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Northridge Earthquake Facts

The Northridge Earthquake: January 17, 1994

How big was the earthquake?

The earthquake was magnitude 6.7 on a previously unidentified thrust fault, creating strong horizontal and vertical ground motion lasting up to 10 seconds. The area of strongest shaking in the earthquake was about 30 miles in diameter from Northridge, California, encompassing southern Ventura and northern Los Angeles counties. Earthquake activity was felt as far away as Las Vegas and San Diego.

What was the human impact?

The Northridge earthquake caused at least 57 deaths and over 9,000 injuries. Some 125,000 people were made at least temporarily homeless.

What was the damage to buildings and structures?

82,000 residential and commercial units and 5,400 mobile homes were damaged or destroyed. Many apartment complexes with “soft story” ground floor parking suffered significant damage. About 200 large steel frame buildings had significant cracking in principal beam connections. Nine parking structures collapsed and nine area hospitals required evacuation because of structural and nonstructural system failures.

Great compilation of Northridge damage photos and how the location looks today, from the Daily News.


What was the damage to transportation and utility systems?

Seven major freeway bridges in the area collapsed, and 212 were damaged, disrupting traffic in the Ventura-Los Angeles region for weeks following the earthquake. Communication, water and power distribution systems were affected and several fires started.

What was the financial impact?

The Northridge earthquake was the costliest natural disaster to have occurred in the United States at the time, and is today the third largest economic loss caused by a natural disaster in the nation’s history. The damage cost estimate reached $20 billion in damages, and $49 billion in economic loss.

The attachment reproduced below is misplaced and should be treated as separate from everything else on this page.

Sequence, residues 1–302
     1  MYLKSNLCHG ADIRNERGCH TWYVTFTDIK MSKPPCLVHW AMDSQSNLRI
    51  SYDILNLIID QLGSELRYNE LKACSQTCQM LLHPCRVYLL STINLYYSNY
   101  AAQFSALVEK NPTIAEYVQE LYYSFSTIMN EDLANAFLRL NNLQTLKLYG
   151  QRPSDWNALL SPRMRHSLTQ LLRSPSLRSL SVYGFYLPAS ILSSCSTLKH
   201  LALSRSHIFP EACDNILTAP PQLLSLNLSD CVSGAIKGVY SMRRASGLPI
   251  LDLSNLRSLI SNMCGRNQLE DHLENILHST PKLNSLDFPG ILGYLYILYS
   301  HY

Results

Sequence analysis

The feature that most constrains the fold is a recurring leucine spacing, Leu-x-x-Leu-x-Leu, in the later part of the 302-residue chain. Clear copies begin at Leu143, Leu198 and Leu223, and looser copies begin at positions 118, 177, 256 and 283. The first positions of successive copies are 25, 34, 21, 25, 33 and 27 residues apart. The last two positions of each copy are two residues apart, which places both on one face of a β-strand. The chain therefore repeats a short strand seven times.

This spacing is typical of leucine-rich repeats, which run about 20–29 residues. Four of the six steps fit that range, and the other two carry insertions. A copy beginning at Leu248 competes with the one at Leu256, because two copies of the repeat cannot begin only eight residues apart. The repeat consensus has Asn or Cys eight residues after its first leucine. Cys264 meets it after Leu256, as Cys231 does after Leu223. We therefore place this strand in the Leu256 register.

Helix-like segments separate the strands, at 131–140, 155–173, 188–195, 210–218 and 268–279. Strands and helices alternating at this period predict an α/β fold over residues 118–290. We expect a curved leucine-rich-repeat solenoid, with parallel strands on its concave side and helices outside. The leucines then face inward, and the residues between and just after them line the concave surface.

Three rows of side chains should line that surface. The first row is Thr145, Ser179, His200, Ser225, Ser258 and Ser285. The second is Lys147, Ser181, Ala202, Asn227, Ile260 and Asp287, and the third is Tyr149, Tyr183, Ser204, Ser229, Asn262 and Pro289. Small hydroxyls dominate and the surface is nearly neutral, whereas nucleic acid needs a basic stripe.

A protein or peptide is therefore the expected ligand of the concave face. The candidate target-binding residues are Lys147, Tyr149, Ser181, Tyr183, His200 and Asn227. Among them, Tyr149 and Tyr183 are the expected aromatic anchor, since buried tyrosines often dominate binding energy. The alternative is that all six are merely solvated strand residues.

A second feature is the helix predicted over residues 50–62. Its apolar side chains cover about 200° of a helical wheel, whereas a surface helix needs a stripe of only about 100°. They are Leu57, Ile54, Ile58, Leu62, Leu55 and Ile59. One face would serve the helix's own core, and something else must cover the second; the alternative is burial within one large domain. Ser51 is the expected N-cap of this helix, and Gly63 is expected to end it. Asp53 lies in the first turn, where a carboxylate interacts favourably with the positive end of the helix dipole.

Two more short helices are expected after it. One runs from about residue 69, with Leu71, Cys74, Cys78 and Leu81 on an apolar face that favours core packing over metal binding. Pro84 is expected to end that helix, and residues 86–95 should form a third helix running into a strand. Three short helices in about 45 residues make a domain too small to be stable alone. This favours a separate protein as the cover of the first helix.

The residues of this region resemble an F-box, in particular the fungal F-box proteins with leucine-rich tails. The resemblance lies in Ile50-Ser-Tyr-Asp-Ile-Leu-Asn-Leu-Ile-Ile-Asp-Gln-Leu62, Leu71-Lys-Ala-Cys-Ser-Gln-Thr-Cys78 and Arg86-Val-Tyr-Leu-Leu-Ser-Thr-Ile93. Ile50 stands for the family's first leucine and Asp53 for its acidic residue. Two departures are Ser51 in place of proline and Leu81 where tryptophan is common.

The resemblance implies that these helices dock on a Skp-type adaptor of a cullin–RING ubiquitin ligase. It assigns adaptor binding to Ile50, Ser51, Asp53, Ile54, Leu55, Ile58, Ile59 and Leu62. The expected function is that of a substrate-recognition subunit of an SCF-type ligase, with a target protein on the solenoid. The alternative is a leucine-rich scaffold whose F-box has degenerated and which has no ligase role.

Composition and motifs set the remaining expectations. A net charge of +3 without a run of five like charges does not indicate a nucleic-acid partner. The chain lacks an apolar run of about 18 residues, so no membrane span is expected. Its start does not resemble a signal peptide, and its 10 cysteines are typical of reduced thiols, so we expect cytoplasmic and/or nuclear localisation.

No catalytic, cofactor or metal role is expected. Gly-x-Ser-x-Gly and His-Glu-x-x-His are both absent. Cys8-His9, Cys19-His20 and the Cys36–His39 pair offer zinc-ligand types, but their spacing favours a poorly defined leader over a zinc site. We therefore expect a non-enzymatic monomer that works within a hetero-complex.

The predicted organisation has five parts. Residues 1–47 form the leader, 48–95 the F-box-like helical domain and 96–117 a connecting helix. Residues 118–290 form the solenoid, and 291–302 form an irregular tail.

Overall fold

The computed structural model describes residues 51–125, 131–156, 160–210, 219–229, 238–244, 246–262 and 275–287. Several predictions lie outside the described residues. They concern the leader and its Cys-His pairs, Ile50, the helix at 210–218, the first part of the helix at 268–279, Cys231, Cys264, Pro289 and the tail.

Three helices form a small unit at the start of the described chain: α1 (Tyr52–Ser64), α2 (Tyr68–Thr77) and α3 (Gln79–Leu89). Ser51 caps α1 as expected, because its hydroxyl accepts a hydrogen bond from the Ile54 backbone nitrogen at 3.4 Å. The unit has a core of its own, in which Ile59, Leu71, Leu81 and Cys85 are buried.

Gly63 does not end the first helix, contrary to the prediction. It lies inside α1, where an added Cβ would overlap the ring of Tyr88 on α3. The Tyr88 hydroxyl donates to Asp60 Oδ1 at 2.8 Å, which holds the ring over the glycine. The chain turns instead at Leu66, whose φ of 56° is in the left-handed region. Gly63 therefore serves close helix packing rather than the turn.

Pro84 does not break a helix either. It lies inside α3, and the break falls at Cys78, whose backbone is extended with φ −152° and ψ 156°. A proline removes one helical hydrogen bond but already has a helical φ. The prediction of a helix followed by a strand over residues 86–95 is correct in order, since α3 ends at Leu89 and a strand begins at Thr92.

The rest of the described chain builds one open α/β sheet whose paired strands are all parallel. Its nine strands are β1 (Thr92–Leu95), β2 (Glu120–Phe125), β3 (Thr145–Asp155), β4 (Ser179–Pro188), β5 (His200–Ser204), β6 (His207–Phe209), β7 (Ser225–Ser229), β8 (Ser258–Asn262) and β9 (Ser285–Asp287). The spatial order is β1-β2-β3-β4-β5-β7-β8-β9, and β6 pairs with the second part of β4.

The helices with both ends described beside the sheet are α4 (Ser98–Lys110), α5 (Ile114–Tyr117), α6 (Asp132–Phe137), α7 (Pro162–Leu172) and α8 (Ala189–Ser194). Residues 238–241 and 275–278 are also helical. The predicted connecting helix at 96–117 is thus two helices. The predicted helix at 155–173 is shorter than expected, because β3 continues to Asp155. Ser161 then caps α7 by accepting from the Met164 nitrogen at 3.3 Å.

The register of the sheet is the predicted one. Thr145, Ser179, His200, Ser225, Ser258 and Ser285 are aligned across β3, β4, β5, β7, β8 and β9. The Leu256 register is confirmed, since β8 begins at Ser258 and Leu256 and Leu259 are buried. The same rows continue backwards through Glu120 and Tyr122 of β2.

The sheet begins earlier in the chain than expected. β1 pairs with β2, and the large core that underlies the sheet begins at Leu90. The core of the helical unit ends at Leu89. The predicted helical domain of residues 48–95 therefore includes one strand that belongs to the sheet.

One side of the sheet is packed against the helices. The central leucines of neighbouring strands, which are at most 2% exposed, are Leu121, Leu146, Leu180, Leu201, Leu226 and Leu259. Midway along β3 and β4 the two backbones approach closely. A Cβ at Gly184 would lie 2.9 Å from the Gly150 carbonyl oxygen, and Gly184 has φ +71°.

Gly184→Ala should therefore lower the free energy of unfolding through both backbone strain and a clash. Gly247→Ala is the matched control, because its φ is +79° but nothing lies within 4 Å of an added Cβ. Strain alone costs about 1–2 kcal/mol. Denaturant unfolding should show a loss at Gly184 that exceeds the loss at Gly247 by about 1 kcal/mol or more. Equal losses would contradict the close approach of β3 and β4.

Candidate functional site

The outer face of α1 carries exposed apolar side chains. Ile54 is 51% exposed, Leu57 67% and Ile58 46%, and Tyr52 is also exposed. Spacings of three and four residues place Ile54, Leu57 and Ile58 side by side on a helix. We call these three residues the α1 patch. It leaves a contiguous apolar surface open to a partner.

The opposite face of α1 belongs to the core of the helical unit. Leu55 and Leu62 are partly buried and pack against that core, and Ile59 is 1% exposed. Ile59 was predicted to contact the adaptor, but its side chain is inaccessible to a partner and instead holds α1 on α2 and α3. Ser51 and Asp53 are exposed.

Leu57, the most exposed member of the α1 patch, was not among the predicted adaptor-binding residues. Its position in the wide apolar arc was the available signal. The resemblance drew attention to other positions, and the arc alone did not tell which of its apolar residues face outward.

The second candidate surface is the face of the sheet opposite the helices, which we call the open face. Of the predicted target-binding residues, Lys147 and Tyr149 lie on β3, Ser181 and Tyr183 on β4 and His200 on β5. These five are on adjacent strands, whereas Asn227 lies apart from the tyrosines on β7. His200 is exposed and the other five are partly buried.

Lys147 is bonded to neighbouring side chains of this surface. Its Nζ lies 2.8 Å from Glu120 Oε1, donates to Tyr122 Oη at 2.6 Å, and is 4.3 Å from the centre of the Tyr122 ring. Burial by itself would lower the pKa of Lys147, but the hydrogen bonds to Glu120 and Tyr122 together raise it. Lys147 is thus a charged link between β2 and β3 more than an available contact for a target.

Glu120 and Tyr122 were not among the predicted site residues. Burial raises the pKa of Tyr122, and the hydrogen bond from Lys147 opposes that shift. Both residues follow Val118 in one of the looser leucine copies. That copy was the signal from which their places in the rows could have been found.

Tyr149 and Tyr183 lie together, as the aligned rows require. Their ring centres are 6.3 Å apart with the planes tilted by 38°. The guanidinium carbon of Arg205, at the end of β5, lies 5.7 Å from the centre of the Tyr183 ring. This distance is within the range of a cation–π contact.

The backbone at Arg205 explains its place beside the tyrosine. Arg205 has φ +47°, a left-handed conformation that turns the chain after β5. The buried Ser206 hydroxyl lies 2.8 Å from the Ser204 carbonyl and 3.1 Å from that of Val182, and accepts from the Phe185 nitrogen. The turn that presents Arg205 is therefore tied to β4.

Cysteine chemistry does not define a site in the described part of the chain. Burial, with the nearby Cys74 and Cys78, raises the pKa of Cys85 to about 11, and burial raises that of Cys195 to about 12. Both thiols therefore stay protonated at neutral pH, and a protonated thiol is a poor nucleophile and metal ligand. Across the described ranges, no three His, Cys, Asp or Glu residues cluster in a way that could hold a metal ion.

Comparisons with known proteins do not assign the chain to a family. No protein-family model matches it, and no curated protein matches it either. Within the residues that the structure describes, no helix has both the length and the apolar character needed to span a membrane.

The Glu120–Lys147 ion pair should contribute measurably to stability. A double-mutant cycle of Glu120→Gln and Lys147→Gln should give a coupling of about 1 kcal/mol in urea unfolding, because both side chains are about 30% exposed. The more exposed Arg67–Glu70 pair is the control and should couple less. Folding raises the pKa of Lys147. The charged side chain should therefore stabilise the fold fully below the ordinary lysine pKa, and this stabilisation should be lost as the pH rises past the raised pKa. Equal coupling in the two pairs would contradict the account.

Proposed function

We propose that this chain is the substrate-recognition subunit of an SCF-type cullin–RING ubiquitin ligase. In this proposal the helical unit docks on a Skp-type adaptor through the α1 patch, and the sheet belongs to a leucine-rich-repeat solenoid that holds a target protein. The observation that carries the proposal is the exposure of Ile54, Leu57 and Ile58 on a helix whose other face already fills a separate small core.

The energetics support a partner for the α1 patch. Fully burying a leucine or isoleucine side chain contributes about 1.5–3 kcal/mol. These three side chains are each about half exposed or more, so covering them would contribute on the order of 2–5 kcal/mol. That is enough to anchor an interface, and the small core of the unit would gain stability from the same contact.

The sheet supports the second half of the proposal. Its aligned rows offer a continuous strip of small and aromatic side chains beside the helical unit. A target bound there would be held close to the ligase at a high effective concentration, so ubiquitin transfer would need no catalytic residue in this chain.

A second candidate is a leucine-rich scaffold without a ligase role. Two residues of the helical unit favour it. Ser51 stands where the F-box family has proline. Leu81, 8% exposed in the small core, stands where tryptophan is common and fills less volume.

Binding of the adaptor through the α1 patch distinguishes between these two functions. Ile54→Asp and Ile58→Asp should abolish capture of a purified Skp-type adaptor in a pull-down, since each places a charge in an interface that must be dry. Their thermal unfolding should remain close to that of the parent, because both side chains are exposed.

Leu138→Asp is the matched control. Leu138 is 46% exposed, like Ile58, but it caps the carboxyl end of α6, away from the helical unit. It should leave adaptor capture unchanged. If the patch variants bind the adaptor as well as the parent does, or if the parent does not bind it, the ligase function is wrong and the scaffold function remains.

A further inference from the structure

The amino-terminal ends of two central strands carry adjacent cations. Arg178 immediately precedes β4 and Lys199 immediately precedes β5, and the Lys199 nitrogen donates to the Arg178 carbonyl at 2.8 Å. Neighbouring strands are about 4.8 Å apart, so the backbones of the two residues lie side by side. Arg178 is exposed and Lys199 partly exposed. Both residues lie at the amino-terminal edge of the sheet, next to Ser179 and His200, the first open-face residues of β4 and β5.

Are we better prepared now?

The Northridge earthquake is one of the most studied events in history. Research and scientific advancements have led to building code amendments, new financial and insurance systems, and an improved ability to mitigate and predict the outcome of future earthquakes. Read more about Advances and Lessons Learned.

Sources:

The Northridge Earthquake of January 17, 1994: Report of Data Collection and Analysis Prepared by the Geographic Information Systems Group of the Governor’s Office of Emergency Services, Sacramento, 1994.

The Northridge Earthquake of January 17, 1994: Report of Data Collection and Analysis, Part B: Analysis and Trends, EQE International, Inc. and the Geographic Information Systems Group of the Governor’s Office of Emergency Services, April 1997.

Special Publication 116, The Northridge, California, Earthquake of 17 January 1994, Edited by Mary C. Woods and W. Ray Seiple, 1995, California Department of Conservation Division of Mines and Geology, 801 K Street, Sacramento, California, 95814-3531, University of California, Davis, February 1, 1996.

The Northridge, California Earthquake – RMS 10-Year Retrospective, Risk Management Solutions, 2004. https://support.rms.com/publications/northridgeeq_retro.pdf

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